• Have you noticed the newcomers in the pear-market? You haven’t? Well get ready the Asian pears are coming. David Karp of The New York Times reports:
In recent decades Chinese government policy and market reforms have encouraged farmers to sharply increase pear production, which is expected to reach 12.5 million metric tons this year, more than two-thirds of the world’s supply. Virtually all are Asian pears, crunchy and ripe off the tree, not the European kind, such as Bartlett and Bosc, which develop their desired buttery texture and rich flavor after harvest.

Mom, Where Are My Statins?

Now, if preschool puberty didn’t scare you, what about children with clogged arteries? I realize it seems a little out of place, but Canadian researchers have determined obese children, and children with high blood pressure, diabetes, or high cholesterol, may already have fatty build-up in their arteries that could lead to heart attacks later in life. Robert Preidt of HealthDay News reports:
"Obesity puts children at risk for high blood pressure, diabetes and high cholesterol levels. Children's diets have changed dramatically, influenced by television commercials and the convenience of fast foods," researcher Dr. Sanaz Piran, an internal medicine resident at McMaster University said. "Children are eating too much fatty and processed foods. Parents need to involve their kids in regular exercise activities and cut down on fatty meals, emphasizing healthy food such as vegetables."
Can you picture father and son heading off to the pharmacy to refill their cholesterol-lowering medication together? No pun intended, but that’s a hard pill to swallow. Dr. Piran makes a lot of important observations, but I really like her recommendation of a family-oriented approach to cardiovascular disease prevention. Kind of sounds Fuhrmanesque to me.

In a previous post Dr. Fuhrman explains that getting children to eat more healthfully is contingent on the parents playing by the rules too. Meaning—parents, if you want your kids to eat their broccoli, you better eat yours! More from the post:
Here is the most important: No rules only for children. If the parents are not willing to follow the rules set for the house, they should not be imposed on the children. Don’t argue about what your children should and shouldn’t be eating; discuss this in private. As parents, we must be consistent, but not perfect. Likewise, it is okay for the children to be consistent, but not prefer either. For example, if the parents decide that an unhealthy food or a restaurant meal is acceptable for the children once per week, then that goes for the adults, too. Setting an example supported by both parents is the most important and most effective way for your children to develop a healthy attitude toward food.
Now, if you have any doubts about the precursors of heart disease developing in young children, take a gander at this post. In it Dr. Fuhrman explains what we eat as children can follow us into adulthood:
There is considerable evidence that the lipoprotein abnormalities (high LDL and low HDL) that are linked to heart attack deaths in adulthood begin to develop in early childhood and that higher cholesterol levels eventually get “set” by early food habits.1 What we eat during our childhood affects our lifetime cholesterol levels. For many, changing the diet to a plant-based, low-saturated-fat diet in later life does not result in the favorable cholesterol levels that would have been seen if the dietary improvements were started much earlier in life.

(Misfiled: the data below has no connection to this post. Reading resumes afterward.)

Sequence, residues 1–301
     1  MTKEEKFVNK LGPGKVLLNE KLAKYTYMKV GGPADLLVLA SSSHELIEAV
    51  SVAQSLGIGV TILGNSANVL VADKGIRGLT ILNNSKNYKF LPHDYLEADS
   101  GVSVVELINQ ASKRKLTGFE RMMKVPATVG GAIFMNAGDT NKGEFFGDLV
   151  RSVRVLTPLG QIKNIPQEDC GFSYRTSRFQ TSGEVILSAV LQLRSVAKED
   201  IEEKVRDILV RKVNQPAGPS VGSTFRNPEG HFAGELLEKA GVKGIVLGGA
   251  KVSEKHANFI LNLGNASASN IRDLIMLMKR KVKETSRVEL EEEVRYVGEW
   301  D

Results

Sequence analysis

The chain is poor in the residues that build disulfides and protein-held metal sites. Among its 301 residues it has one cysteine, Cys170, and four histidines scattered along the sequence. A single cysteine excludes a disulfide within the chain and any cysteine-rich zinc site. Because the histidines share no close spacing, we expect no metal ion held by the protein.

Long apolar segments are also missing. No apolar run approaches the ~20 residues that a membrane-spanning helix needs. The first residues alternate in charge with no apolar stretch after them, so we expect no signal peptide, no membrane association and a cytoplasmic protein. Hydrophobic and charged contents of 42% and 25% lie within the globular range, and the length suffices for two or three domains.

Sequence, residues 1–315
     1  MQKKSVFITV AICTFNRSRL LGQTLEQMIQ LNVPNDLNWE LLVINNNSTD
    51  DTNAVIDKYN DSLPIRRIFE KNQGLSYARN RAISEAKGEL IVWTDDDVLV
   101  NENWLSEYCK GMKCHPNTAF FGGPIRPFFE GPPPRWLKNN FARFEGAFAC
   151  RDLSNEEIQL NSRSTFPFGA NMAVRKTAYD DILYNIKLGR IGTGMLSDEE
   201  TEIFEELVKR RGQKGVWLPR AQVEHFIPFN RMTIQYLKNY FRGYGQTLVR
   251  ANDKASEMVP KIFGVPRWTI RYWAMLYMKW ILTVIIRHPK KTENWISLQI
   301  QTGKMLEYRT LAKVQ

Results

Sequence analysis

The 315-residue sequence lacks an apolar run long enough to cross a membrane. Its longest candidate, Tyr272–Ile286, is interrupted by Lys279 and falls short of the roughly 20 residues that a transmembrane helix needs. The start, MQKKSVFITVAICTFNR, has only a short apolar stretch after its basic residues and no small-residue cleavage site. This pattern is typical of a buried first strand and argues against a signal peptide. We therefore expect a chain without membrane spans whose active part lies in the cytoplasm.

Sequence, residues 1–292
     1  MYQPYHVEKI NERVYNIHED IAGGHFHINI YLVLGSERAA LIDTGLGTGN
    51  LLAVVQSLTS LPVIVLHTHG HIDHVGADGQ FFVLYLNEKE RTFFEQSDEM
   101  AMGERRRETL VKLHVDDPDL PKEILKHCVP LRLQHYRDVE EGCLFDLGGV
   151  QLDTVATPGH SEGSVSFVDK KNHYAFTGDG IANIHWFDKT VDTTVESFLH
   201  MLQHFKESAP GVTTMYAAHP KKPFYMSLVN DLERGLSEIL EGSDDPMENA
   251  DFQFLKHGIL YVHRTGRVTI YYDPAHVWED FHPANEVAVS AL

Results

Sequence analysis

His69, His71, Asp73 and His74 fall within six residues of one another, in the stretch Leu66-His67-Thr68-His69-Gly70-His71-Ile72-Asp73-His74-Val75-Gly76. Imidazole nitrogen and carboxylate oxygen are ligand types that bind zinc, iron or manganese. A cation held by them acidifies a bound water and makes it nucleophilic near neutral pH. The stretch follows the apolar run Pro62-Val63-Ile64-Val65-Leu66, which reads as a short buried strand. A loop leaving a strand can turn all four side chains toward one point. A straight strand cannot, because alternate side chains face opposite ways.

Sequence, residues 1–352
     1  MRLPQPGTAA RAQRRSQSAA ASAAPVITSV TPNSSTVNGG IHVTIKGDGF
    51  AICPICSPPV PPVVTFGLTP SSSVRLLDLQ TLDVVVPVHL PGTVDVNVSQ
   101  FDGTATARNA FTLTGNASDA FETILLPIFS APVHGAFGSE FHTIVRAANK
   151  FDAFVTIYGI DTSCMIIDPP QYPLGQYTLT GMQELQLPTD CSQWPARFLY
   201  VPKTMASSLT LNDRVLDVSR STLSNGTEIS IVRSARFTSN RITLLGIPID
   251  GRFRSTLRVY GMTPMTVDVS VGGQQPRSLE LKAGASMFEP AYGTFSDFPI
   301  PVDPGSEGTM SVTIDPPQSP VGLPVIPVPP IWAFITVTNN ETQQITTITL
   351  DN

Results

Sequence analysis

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Heart Disease in Young Children

I admit, kind of a dramatic title, but not without merit. In Disease-Proof Your Child Dr. Fuhrman points out that an unhealthy diet early in life sets the stage for coronary atherosclerosis and heart disease later in life. He’s a refresher from the book:
There is considerable evidence that the lipoprotein abnormalities (high LDL and low HDL) that are linked to heart attack deaths in adulthood begin to develop in early childhood and that higher cholesterol levels eventually get “set” by early food habits.1 What we eat during our childhood affects our lifetime cholesterol levels. For many, changing the diet to a plant-based, low-saturated-fat diet in later life does not result in the favorable cholesterol levels that would have been seen if the dietary improvements were started much earlier in life.
And don't forget exercise. According to Reuters a new study has revealed teens that get a minimum of ninety minutes of exercise three times a week reduce their cardiovascular risk. The results are pretty amazing, here’s an excerpt:
After six months, tests showed that the exercisers had improved the flexibility of their arteries, allowing these vessels to carry more oxygen-rich blood. Moreover, the already expanded inner layer of their arteries had shrunk.

The exercisers also lowered their cholesterol levels and blood pressure and lost weight.
Good thing my folks had me playing soccer and little league when I was a kid. The researchers do point out that primary obstacle to all this is teen’s low perseverance and motivation to exercise. Maybe you could just do what my father did, hold my Nintendo hostage until I worked up a sweat.